Towards Assessment of Randomized Smoothing Mechanisms for Certifying Adversarial Robustness

by   Tianhang Zheng, et al.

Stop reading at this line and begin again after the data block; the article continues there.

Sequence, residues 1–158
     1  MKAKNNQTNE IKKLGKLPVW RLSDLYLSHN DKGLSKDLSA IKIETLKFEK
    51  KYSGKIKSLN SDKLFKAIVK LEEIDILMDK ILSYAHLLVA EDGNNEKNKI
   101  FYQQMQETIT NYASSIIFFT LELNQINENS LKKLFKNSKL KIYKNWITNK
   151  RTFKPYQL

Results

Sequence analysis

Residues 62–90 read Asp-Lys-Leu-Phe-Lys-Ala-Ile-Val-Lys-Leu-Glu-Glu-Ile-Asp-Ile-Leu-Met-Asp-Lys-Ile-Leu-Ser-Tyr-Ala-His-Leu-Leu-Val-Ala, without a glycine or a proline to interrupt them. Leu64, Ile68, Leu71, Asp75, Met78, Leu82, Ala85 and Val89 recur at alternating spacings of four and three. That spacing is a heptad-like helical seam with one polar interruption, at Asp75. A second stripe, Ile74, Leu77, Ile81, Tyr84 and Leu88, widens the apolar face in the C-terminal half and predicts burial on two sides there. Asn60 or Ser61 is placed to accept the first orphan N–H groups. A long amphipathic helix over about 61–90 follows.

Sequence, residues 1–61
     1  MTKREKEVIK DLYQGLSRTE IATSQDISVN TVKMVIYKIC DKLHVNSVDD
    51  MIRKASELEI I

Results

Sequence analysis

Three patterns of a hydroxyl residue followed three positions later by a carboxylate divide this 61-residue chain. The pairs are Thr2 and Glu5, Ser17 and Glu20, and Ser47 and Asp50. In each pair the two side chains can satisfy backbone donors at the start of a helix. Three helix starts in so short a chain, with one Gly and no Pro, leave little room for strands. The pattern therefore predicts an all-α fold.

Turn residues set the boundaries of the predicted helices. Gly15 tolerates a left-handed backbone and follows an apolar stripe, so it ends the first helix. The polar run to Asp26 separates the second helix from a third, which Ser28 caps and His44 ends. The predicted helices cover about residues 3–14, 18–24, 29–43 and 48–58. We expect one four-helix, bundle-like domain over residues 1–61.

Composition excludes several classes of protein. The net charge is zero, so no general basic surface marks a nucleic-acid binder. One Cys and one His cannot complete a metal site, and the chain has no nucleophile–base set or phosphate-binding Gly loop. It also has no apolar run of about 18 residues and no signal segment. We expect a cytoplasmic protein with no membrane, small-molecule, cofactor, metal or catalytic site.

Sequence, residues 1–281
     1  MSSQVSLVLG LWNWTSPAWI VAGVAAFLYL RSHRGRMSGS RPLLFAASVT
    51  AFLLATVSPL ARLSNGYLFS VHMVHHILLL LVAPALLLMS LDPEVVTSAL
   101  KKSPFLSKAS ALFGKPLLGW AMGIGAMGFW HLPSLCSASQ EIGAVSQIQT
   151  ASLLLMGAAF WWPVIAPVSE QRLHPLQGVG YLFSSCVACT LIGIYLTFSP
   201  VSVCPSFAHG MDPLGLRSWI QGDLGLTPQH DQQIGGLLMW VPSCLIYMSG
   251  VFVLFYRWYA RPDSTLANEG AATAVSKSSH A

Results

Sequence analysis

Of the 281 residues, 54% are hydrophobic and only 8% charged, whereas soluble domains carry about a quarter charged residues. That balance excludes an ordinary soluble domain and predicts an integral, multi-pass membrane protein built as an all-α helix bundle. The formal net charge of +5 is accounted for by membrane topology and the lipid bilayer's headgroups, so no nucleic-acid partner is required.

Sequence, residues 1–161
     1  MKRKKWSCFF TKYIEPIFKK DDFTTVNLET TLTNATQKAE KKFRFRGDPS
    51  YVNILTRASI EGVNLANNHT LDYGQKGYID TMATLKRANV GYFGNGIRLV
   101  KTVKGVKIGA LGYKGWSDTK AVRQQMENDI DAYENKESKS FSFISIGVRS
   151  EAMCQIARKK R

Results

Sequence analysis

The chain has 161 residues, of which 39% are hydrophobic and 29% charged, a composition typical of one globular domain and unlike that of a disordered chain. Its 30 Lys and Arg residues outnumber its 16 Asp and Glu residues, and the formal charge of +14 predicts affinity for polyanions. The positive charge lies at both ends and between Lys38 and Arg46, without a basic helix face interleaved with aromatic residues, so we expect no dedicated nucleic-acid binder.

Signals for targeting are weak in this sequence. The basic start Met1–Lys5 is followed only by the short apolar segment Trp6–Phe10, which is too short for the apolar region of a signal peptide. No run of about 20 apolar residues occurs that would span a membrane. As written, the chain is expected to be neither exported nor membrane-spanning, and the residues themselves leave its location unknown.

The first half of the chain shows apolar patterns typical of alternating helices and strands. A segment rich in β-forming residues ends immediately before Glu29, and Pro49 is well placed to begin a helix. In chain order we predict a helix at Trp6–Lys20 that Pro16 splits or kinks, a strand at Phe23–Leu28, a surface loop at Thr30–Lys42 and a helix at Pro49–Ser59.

As a certified defensive technique, randomized smoothing has received considerable attention due to its scalability to large datasets and neural networks. However, several important questions remain unanswered, such as (i) whether the Gaussian mechanism is an appropriate option for certifying ℓ_2-norm robustness, and (ii) whether there is an appropriate randomized (smoothing) mechanism to certify ℓ_∞-norm robustness. To shed light on these questions, we argue that the main difficulty is how to assess the appropriateness of each randomized mechanism. In this paper, we propose a generic framework that connects the existing frameworks in <cit.>, to assess randomized mechanisms. Under our framework, for a randomized mechanism that can certify a certain extent of robustness, we define the magnitude of its required additive noise as the metric for assessing its appropriateness. We also prove lower bounds on this metric for the ℓ_2-norm and ℓ_∞-norm cases as the criteria for assessment. Based on our framework, we assess the Gaussian and Exponential mechanisms by comparing the magnitude of additive noise required by these mechanisms and the lower bounds (criteria). We first conclude that the Gaussian mechanism is indeed an appropriate option to certify ℓ_2-norm robustness. Surprisingly, we show that the Gaussian mechanism is also an appropriate option for certifying ℓ_∞-norm robustness, instead of the Exponential mechanism. Finally, we generalize our framework to ℓ_p-norm for any p≥2. Our theoretical findings are verified by evaluations on CIFAR10 and ImageNet.


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